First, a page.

Plantar Fasciitis: Healing and Prevention
Plantar fasciitis is an inflammation of the plantar fascia (the sole of the foot) caused by a micro/partial tear. The plantar fascia is made up of a thick fibrous band of connective tissue that runs from the ball of the foot to the heel and supports the arch of the foot. When we are in a standing position, the plantar fascia is stretched to its limit, thus supporting our entire body weight.
Plantar fasciitis can occur when the plantar fascia has been stretched too far or placed under excessive stress for too long, resulting in micro traumas or tears. An inflammatory reaction follows, causing plantar fasciitis. The injury can be the result of a sudden occurrence or of stress build-up over time.
The most common symptom is pain in the heel region, which is aggravated upon weight-bearing. The pain will appear when arising from bed in the morning, but slowly subside to a more bearable level after 30 to 45 minutes.
What are the Risk Factors?
• Flat feet – which represent the majority of cases seen at our cliniques de Réadaptation Universelle – or hollow feet (in rare cases)
• Bad posture, which can be the result of a sagging arch or of “knock-knees” (where the legs curve outward)
• A job that entails a prolonged standing position and manual handling of heavy objects (ex.: warehouse and construction workers)
• Increased weight gain from obesity or pregnancy
• Loss of flexibility or thinning of the heel’s adipose tissue
• Wearing poorly fitting or overused footwear
• Practicing certain sports (ex.: jogging)
• Insufficient warm-up before a workout.
• Wear shoes that absorb chock and support the arch of the foot, depending on the type of work performed. You can also use insoles or heel heighteners (talonettes) to protect the heel
• Incorporate stretching and limbering exercises for the plantar fascia and calf muscles into your routine
• Wear shoes adapted to your sport
• Maintain a healthy weight in order to avoid overstressing the plantar fascia
• When in doubt, consult a health professional, such as a physiotherapist, who will be able to help you choose the right type of shoes and prevention activities.
Treatments at Cliniques de Réadaptation Universelle Include:
• Stopping or reducing any physical activity that requires weight-bearing; failing to do this could worsen the injury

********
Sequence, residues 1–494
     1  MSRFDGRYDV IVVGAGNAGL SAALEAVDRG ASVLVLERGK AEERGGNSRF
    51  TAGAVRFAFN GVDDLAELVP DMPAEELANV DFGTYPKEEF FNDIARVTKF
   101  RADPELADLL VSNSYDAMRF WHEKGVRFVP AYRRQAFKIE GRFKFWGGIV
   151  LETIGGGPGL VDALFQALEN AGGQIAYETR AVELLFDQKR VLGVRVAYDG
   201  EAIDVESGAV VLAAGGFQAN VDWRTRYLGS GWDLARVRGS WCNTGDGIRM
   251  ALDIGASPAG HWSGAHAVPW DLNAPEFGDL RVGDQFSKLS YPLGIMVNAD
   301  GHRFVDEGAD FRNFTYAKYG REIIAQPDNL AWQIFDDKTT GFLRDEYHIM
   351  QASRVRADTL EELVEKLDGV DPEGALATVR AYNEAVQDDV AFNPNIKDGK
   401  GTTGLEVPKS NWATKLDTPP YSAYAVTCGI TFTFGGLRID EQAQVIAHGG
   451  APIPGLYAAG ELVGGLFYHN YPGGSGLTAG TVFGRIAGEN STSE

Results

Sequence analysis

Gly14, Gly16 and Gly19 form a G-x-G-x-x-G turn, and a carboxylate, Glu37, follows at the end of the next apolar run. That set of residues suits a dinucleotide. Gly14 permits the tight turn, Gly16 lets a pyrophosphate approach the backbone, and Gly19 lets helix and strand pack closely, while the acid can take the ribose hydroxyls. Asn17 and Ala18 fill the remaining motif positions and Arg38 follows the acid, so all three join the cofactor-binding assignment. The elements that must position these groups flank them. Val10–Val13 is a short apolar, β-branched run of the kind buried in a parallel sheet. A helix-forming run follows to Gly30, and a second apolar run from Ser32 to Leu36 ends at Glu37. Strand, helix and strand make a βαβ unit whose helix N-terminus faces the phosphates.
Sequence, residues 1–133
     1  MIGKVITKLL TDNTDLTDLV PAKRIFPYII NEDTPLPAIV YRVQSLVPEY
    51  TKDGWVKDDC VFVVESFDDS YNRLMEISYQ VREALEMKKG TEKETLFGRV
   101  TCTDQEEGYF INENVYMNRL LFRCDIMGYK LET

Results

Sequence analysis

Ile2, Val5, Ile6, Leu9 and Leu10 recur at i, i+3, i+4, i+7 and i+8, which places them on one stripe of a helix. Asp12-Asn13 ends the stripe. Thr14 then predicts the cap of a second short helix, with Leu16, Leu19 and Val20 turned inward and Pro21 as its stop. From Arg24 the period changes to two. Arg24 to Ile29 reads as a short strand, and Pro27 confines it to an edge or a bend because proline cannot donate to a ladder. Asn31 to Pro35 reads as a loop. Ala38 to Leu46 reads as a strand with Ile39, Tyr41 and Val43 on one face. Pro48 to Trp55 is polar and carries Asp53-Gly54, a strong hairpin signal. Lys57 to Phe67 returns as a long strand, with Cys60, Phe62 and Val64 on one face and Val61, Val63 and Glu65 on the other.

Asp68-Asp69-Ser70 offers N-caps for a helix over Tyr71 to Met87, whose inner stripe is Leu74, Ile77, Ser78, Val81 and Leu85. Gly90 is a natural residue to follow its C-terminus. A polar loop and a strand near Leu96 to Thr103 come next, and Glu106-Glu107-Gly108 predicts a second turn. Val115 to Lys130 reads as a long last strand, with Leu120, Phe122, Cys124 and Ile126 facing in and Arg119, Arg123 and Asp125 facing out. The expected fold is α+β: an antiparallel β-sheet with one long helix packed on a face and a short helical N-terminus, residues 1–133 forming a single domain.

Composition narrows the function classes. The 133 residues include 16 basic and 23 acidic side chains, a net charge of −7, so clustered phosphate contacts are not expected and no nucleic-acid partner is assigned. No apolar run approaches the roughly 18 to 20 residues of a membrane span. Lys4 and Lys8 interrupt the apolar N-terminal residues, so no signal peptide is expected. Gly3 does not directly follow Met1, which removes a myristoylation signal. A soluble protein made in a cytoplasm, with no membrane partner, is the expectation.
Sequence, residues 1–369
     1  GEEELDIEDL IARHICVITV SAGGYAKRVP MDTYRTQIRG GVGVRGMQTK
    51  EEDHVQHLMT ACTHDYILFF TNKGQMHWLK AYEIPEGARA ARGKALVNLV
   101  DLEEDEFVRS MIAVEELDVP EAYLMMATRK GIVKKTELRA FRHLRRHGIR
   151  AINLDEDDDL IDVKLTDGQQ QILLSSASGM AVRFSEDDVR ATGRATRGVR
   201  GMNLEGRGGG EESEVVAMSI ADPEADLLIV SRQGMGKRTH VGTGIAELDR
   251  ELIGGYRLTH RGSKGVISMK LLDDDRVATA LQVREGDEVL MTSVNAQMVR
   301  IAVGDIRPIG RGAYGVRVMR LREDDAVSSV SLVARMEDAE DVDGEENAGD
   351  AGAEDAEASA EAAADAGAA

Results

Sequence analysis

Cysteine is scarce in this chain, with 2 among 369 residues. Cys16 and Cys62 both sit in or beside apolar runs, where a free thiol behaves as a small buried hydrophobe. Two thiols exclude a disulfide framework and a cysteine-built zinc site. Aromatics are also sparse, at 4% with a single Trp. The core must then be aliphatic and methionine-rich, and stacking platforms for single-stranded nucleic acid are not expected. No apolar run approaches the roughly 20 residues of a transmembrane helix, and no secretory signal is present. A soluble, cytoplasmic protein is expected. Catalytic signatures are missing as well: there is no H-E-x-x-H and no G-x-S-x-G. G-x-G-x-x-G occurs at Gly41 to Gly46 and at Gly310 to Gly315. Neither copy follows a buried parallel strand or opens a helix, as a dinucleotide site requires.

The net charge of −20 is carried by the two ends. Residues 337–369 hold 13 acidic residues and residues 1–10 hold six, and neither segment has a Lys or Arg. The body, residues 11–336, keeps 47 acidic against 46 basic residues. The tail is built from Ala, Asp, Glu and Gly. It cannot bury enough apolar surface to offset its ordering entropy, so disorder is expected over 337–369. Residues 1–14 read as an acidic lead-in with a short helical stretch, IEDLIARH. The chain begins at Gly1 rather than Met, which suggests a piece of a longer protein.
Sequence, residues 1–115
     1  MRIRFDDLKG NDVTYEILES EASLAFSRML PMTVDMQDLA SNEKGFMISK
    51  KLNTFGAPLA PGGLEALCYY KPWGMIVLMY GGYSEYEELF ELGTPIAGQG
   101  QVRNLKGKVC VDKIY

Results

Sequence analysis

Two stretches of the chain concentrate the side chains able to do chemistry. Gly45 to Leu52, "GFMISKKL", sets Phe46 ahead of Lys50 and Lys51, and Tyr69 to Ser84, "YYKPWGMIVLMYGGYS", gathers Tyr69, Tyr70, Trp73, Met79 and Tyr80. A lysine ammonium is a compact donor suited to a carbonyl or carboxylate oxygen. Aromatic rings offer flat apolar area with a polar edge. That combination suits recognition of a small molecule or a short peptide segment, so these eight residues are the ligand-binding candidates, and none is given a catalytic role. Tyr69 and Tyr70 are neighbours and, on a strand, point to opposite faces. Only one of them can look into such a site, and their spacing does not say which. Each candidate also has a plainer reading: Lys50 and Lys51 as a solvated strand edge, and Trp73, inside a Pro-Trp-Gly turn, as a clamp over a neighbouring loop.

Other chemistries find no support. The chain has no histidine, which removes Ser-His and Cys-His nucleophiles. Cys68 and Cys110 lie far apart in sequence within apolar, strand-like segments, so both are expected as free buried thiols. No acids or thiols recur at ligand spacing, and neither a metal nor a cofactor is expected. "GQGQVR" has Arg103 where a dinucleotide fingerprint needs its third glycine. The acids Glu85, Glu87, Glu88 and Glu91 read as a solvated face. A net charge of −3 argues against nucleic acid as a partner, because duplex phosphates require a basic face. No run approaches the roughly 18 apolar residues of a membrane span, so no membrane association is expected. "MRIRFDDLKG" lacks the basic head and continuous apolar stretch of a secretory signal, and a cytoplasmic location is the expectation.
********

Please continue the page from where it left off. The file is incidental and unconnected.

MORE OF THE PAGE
• Anti-inflammatory and pain-reduction treatments, such as: applying ice, iontophoresis, therapeutic ultrasound or electrical nerve stimulation (TENS)
• Stretching and strengthening the calf muscles and intrinsic muscles of the foot
• Manual therapy, joint mobilization and massage
• Taping the foot, which reduces tissue stress, decreases pain and reinforces the plantar fascia. This method also serves to evaluate whether or not the use of orthotics is indicated.
The Difference Between Pantar Fasciitis and Heel Spur
A heel spur is a bony growth that occurs at the attachment of the plantar fascia to the heel. It is often associated with plantar fasciitis, because it occurs as a result of chronic inflammation of the plantar fascia, which promotes the development of osseous (bone) cells, which in turn form a heel spur. The only way to confirm the presence of a heel spur is through an x-ray.
Plantar Fasciitis Prevention Exercises
Here is a preventive exercise you can do while awaiting your appointment with a therapist, or to halt the progress of plantar fasciitis:
1. Standing up, move the injured foot forward (see picture), while maintaining the forward knee slightly bent
2. Keep this position for 30 seconds, and slowly come back to the starting position; repeat three times.
Other exercises can help with plantar fasciitis, such as stretching the plantar fascia by rolling the foot on a bottle filled with frozen water, or resistance-stretching the muscles of the foot. Consult our professionals to get a complete exercise program.